Government says it is engaging agriculture sector stakeholders to promote and implement a comprehensive transformation which will allow farmers to migrate from conventional farming methods to smart agriculture to improve their yields.


The transformation will also see the increase in the production of export quality crops as well as adoption of broad pest control mechanisms in the wake of climate change.

In an interview with NewsDay on the sidelines of a cocktail meeting for agriculture transformation team leaders hosted by the Zimbabwe Agriculture Society (ZAS) on Friday, Agriculture permanent secretary John Bhasera said the involvement of the private sector in this ambitious drive was a game changer.

“For the first time, there is that buy-in from the private sector and we can see the farmers were well-represented as well,” Bhasera said.

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“That leads to extreme ownership. For any transformation to work, there has to be some kind of that buy-in and extreme ownership so that we can get to a point where people say this is our thing. When that happens, implementation becomes very easy.”

The event, which brought together farmers representatives, extension officers, agriculture experts, economists and top government bureaucrats, was sponsored by seed company Syngenta.

Bhasera said the country was looking at climate-proofing its agriculture, which he said was vulnerable to climate change.

He said the country could tackle climate change by adopting climate smart seed varieties and also the development of irrigation as well as the adoption of water harvesting techniques.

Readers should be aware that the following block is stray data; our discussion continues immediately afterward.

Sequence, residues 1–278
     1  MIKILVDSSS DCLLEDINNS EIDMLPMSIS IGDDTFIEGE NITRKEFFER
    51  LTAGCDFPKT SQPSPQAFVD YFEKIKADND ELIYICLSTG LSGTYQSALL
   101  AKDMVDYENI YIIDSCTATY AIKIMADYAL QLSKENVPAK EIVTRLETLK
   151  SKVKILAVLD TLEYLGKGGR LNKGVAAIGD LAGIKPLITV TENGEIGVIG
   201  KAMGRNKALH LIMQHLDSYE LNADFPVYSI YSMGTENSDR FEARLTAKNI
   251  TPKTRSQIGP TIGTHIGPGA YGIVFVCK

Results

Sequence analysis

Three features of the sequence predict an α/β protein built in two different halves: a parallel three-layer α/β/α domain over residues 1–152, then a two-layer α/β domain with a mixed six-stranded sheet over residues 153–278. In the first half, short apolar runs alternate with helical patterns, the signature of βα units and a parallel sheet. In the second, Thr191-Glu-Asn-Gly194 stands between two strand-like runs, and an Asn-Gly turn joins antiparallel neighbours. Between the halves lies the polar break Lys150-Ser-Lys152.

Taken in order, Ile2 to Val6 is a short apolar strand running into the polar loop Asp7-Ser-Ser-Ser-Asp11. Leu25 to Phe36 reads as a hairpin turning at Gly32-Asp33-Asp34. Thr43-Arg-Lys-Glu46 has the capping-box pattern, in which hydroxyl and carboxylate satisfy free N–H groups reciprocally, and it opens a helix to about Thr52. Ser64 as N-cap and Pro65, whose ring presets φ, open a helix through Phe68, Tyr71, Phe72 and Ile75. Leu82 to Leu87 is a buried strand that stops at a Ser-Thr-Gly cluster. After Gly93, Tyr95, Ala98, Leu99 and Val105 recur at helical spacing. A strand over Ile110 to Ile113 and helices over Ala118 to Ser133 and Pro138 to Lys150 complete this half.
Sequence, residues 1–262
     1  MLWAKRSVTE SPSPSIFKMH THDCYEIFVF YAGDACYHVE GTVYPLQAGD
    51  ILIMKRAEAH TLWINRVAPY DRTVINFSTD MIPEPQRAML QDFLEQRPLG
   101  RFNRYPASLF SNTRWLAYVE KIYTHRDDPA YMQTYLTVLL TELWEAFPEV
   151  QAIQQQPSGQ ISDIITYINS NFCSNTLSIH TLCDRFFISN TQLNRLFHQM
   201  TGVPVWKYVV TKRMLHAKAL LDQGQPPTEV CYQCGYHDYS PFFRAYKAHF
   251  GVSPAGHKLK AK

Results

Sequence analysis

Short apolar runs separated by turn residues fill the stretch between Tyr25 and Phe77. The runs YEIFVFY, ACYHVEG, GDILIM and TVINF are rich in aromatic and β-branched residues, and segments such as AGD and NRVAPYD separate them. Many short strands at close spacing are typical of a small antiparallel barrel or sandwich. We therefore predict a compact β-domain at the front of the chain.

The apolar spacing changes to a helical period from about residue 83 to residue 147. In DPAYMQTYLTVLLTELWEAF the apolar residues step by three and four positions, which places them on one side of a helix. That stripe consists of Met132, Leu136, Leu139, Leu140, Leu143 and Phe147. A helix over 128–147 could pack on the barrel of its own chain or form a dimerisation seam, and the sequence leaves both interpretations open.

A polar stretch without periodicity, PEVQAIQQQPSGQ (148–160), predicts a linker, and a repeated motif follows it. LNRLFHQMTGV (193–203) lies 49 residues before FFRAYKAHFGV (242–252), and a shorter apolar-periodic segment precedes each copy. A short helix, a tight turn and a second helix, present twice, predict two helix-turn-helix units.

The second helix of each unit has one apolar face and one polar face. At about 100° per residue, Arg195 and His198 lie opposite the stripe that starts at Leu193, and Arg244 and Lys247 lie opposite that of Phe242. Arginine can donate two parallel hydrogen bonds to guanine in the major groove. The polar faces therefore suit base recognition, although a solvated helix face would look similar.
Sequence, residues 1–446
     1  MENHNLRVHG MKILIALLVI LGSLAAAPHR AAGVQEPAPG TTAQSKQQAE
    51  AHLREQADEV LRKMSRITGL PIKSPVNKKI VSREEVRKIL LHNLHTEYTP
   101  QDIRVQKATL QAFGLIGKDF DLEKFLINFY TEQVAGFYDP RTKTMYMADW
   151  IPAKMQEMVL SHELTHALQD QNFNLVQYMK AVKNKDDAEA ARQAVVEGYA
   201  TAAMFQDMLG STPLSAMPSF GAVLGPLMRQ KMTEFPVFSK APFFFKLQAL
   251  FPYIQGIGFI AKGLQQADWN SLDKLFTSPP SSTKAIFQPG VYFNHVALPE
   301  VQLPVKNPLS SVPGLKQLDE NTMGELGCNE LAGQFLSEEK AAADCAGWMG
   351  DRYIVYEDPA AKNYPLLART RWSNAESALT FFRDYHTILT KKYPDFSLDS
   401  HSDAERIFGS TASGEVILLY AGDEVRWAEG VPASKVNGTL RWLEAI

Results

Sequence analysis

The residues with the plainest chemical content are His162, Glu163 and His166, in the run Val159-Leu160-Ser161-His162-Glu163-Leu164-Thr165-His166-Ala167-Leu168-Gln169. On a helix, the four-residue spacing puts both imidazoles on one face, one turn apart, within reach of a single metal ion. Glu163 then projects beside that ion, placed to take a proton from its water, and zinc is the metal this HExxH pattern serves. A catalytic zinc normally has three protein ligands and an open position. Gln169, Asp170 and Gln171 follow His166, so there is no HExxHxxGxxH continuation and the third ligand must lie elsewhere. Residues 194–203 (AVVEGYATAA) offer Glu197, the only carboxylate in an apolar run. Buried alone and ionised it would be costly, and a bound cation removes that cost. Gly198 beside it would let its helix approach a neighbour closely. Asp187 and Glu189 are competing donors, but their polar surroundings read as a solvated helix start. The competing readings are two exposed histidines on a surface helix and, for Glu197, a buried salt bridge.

ZAS chief executive officer Anxious Masuka said the initiative had the potential to revive agriculture so that it regains its status as the backbone of the country’s economy.

“Our aim is to make agriculture central to the attainment of government’s vision 2030 and so we need bold, radical and transformative ideas to transform agriculture to uplift communities,” Masuka said.

Syngenta senior agronomist Tawanda Mangisi said: “We should come up with a very good strategy on how we are going to improve the yields and subsequently build the economy through the agriculture sector.

He said the effects of climate change were real and the country had hoped for a better agriculture season this year after last year’s drought, but a mid-season dry spell has all but destroyed hopes.

“We encourage our farmers to go for those seed varieties which are adaptable to these new weather patterns like those varieties we have at Syngenta; the MRI514 and the new one which is the SY5944 which is quite tolerant to drought. So we urge all the farmers to go for the varieties which endure drought,” Mangisi said.

The Switzerland-headquartered agro-chemical conglomerate has taken the initiative to invest heavily in research on better seed varieties and chemicals which can withstand droughts and pests, particularly the fall armyworm which has wreaked havoc across the Sadc region.